Mathematica has curated knot data, e.g.,

KnotData[{3, 1}]

knot image

One can extract the three-dimensional space curve in this way:

f = KnotData[{3, 1}, "SpaceCurve"]

(*  {Sin[#1] + 2 Sin[2 #1], Cos[#1] - 2 Cos[2 #1], -Sin[3 #1]} &  *)

and plot it to show a line, e.g.,

ParametricPlot3D[f[t], {t, 0, 2 Pi}, Axes -> False]

knot space curve line


I would like to generate a knot image from the KnotData database (as in the top shaded diagram, above), and then be able to click on a point on the knot and drag/move it left-right-up-down with the rest of the knot obeying the physical constraints. (Formally, this does not change the knot... just its visual representation.) I'd like to then be able to rotate the entire figure in three dimensions and then "grab" another point on the knot and move it likewise. And so on. It is to be expected that the "string" will stretch or contract, as needed. (Presumably the final algorithmic step would be automatic smoothing of the final curve.) In this way, I want to make (by hand) a number of knot diagrams for the same original knot, all that share the same visual style.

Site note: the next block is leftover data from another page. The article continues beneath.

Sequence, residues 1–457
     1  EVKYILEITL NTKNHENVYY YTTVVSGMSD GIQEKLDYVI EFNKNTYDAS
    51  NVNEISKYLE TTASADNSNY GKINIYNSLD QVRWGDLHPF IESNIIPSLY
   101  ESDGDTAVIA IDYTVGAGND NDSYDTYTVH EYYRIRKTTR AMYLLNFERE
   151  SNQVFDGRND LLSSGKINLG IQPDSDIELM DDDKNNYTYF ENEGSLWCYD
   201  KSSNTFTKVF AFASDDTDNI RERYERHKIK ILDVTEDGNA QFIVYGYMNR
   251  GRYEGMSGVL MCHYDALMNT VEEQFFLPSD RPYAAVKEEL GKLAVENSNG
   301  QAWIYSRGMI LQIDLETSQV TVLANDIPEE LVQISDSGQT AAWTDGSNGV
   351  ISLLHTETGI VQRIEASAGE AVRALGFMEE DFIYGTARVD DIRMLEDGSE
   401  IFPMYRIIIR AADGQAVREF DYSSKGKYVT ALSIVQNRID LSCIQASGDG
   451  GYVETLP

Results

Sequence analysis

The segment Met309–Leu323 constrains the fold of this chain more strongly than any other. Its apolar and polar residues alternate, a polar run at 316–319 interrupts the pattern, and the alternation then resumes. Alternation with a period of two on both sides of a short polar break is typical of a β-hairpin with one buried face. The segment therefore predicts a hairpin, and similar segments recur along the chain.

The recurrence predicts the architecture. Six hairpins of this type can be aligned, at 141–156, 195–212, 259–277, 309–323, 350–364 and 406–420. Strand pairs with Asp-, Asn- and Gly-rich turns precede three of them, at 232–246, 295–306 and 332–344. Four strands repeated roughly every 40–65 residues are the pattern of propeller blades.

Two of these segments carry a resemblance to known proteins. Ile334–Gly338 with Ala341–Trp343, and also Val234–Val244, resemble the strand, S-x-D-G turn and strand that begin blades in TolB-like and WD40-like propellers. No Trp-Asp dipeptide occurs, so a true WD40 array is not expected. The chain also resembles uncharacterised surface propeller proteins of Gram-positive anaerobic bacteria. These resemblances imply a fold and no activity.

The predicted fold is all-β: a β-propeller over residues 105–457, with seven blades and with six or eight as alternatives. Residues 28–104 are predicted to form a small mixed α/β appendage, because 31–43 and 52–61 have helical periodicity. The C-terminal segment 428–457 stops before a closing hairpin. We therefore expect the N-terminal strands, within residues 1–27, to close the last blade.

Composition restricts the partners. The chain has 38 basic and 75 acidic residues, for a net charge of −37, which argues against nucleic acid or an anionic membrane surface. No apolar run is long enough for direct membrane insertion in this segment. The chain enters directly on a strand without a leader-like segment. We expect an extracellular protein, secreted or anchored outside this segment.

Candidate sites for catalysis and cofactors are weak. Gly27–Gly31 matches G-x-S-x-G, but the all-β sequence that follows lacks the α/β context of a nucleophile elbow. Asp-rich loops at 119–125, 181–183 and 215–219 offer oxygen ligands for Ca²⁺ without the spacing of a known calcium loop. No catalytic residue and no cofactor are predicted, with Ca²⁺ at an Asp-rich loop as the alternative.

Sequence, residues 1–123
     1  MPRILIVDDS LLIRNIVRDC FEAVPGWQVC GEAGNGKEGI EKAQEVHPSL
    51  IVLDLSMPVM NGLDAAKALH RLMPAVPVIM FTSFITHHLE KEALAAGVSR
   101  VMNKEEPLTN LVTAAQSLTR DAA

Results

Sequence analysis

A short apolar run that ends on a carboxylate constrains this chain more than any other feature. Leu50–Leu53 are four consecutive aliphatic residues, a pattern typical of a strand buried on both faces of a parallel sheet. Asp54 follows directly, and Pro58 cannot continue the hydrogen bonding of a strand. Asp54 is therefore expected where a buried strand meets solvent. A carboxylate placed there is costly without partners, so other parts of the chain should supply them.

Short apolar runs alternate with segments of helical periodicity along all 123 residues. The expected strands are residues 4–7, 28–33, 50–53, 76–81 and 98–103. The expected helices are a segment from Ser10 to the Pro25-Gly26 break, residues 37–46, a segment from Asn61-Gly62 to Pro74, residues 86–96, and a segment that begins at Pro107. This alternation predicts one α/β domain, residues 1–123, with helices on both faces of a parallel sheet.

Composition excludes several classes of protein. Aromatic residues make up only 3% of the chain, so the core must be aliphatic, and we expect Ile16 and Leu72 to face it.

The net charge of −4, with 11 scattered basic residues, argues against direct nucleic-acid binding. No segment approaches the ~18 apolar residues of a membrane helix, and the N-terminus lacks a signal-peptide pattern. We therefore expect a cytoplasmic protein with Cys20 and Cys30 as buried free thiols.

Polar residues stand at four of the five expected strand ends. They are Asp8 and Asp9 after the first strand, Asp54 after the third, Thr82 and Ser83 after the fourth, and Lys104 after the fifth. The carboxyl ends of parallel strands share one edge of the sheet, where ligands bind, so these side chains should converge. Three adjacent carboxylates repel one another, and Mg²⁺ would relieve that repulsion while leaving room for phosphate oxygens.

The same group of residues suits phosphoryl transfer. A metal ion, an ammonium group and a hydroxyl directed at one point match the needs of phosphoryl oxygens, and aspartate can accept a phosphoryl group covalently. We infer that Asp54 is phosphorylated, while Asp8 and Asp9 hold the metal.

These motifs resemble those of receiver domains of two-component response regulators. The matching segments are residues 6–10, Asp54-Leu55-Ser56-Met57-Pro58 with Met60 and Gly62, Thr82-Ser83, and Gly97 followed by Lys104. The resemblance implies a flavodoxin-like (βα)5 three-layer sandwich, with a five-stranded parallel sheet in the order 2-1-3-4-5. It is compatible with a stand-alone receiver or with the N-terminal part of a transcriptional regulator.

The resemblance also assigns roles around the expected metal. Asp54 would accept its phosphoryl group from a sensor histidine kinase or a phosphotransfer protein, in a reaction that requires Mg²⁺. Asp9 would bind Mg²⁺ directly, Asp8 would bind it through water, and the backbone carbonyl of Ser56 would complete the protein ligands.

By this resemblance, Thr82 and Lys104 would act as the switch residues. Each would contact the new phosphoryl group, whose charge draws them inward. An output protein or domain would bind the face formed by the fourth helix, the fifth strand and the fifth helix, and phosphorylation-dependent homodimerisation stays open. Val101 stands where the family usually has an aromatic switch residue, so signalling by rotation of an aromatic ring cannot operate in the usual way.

This problem is quite difficult, because the transformation must "know" when portions of the links would intersect and hence prevent them from passing through one another.

My hope is that there is some code for an analogous problem (dragging a "string") that can be applied to this problem. (There is a demonstration that allows one to click and drag on a grid, but clearly this isn't quite as sophisticated as what I'm seeking.)

  • $\begingroup$ What you are asking is not so easy to implement... Have you heard about KnotPlot? Have a look. $\endgroup$ Nov 23, 2017 at 8:46
  • $\begingroup$ @Henrik: Yes, what I'm seeking is indeed difficult, and yes I'm aware of KnotPlot. (Thanks.). I don't think even it does quite what I seek (distort an arbitrary knot). I was hoping that some enterprising graduate student had made progress on the problem using Mathematica. $\endgroup$ Nov 24, 2017 at 6:32
  • $\begingroup$ If you have managed to figure this out, I would love to hear what you did. I'm interested in making diagrams for knots with a number of crossings that are higher than the crossing number, to use in some lessons on knot theory. The problem is that I'd also like the diagrams to be pretty. $\endgroup$
    – j0equ1nn
    Mar 6, 2019 at 22:02
  • $\begingroup$ @j0equ1nn: I'll let you know if I ever figure this out. So far, everything has been on a case-by-case design basis. I craft the equations for the desired knot, but that is very slow. $\endgroup$ Mar 6, 2019 at 23:55


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